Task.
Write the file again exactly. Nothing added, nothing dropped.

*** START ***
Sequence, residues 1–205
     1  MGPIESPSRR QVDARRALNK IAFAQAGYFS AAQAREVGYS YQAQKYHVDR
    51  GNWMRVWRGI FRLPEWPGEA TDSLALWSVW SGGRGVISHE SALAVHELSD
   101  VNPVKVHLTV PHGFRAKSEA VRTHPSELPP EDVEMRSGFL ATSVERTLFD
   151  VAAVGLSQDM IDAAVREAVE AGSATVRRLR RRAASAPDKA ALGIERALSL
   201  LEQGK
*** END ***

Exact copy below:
Sequence, residues 1–205
     1  MGPIESPSRR QVDARRALNK IAFAQAGYFS AAQAREVGYS YQAQKYHVDR
    51  GNWMRVWRGI FRLPEWPGEA TDSLALWSVW SGGRGVISHE SALAVHELSD
   101  VNPVKVHLTV PHGFRAKSEA VRTHPSELPP EDVEMRSGFL ATSVERTLFD
   151  VAAVGLSQDM IDAAVREAVE AGSATVRRLR RRAASAPDKA ALGIERALSL
   201  LEQGK